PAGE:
PT at recheck

specific patient presentation

hours later limits. The
d for 48 hours within normal because cor-

systemic complications. Unfortunately, clinical trials on tion was schedule values were ted finding
A recheck examina vitamin K regimen to
confirm , an unexpec K deficiency
was 65.9 seconds al PT due to vitamin
ion of the owners report- initiating an
after complet Although his rection of abnorm 48 hours of
coagulopathy. and Mugsy within 24 to
resolution of K1 as directed should resolve K1. of
had given vitamin re to rat poison, clotting appropriate
dose of vitamin persistent prolongation
ed that they y the cause of
nity for reexposu was markedl To determine al vitamin
had no opportu time (PT) assay whether addition for more
prothrombin finding in the PT and

therapy for spontaneous cases of severe AP in humans

the ). This time was sent

through the steps leading to the

time in : 9.5-12.5 clotting a sample
57 seconds (normal d that his early pre- was needed, was drawn
prolonged at it appeare K therapy . Whole blood
unexpec ted because g had prevented coagulat ion analyses
(one part 3.8 percent
was vomitin detailed ulant
productive Contrac, how- citrate anticoag ged, and the
sentation with of rodenticide. directly into and centrifu
on of a toxic dose ing poison. to nine parts blood) cold packs to a vet-
absorpti a long-act citrate shipped on
s bromadiolone, at the same vitamin K1 plasma was Coagulation
ever, contain supernatant (Comparative
therefore resumed e laboratory University,

based on these models have almost invariably failed to

Treatment was two weeks.
erinary referenc
tic Laborat
ory, Cornell
dosage for another recheck, 48 hours after Section, Diagnos

ultimate diagnosis in 1000-1500

ed and d
At Mugsy’s next was still markedly prolong York). d of activate
Ithaca, New ion panel consiste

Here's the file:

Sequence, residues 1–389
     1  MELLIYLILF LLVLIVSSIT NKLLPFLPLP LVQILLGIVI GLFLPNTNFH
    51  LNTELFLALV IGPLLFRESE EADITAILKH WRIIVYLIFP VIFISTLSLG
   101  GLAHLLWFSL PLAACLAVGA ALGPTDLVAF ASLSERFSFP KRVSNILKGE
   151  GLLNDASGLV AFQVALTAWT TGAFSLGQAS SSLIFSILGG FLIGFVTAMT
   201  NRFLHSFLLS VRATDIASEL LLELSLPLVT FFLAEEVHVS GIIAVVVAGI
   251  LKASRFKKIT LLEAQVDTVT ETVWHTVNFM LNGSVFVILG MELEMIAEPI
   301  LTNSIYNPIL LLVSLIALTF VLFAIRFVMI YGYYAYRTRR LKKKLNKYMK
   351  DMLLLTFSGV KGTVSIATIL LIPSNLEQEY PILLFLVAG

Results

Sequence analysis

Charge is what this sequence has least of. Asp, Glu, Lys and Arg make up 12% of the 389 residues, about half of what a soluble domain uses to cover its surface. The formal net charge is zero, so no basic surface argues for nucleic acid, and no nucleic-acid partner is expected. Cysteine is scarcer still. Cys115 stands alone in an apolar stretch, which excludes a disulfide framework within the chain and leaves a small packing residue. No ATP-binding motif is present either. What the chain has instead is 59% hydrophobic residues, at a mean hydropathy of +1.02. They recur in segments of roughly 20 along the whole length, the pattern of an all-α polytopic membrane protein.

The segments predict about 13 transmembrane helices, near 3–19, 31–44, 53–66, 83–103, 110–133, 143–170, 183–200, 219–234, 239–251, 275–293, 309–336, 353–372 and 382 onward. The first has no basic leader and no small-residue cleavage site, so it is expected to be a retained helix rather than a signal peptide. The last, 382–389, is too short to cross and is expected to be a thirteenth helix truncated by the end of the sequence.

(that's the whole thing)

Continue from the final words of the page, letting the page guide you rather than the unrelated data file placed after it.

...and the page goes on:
, the PT sample. A thrombin
of vitamin K1 from the previous The initial coagulattime (aPTT), PT, and g
unchanged al vita- plastin TCT screenin
essentially submitted, parenter were partial thrombo aPTT and
ry profile was owners (TCT). The
blood chemist SC, and the clotting time
given 50 mg 48

show benefit.26
min K1 was K and recheck
vitamin 1
August 2000
resume oral
instructed to
Peer Review

words. 76 Veterinary

The great strength of models is their reproducibility.

The use of a homogenous population of experimental

animals, with standardized levels of insult, allows the THERAPEUTIC CHALLENGE

effects of treatment to be detected with a much greater While the course of therapy is of- tio
In a Yearlin n
level of statistical confidence. In model studies, the in- ten clear-cut, some patients pre-
By Linnea Lentz,

trinsic severity of the disease has the greatest influence B eau, a 15-mont
when the owners
h-old colt, had been
colicky for about

sent true challenges to medical

called the referring four hours
veterinarian. The and no other
described as mild, colic was
and Beau was treated ties. An initial
IV injection
nixine) administe with 10 cc Banamin ®

on outcome because other factors, such as comorbid

red intravenously e (flu- of xylazine appeared
(IV), 10 cc of control the pain to
approximately 1 dipyrone IV, and for only 20
⁄2 gallon of mineral minutes before
tube. Within the oil administered a second
hour, Beau was via nasogastric dose was necessary.
University of Minneso again colicky and Rectal
was referred to the palpation revealed

skills. In 1000-1500 words, these

ta. many
distended loops
of small
testine. After placemen in-

and preexisting illnesses and host responsiveness, are

Initial Treatme t of
nt on Referra a nasogastric
Clinical signs l reflux were obtained. tube, 6-7 L of
on presentation Abdominocen-
included profuse tesis results were
sweating, numerous normal.
attempts to lie Because of the
down, and a distended severity of the
abdomen. Physical colic, the small
examination re- intestinal distention

cases describe the steps that

vealed a pulse and nasogastr ,
of 84 beats per

controlled by the homogeneity of the experimental ani-

minute, ic reflux, we
decreased gastrointe mended explorato recom-
stinal motility ry laparotomy
all four quadrants in diagnose the cause to
, slightly toxic of the colt’s colic.
cous membran mu- The owners quickly
es, a capillary agreed, and pre-
time of 2.5 seconds refill operative antibiotic
(normal: 1-2),
and a normal
temperature. potassium penicillin s, including
work revealed Blood 22,000 units/kg
a packed cell IV and Gentocin

volume (gentamicin) 6.6

eventually lead to case resolu-

of 48 percent mg/kg IV, were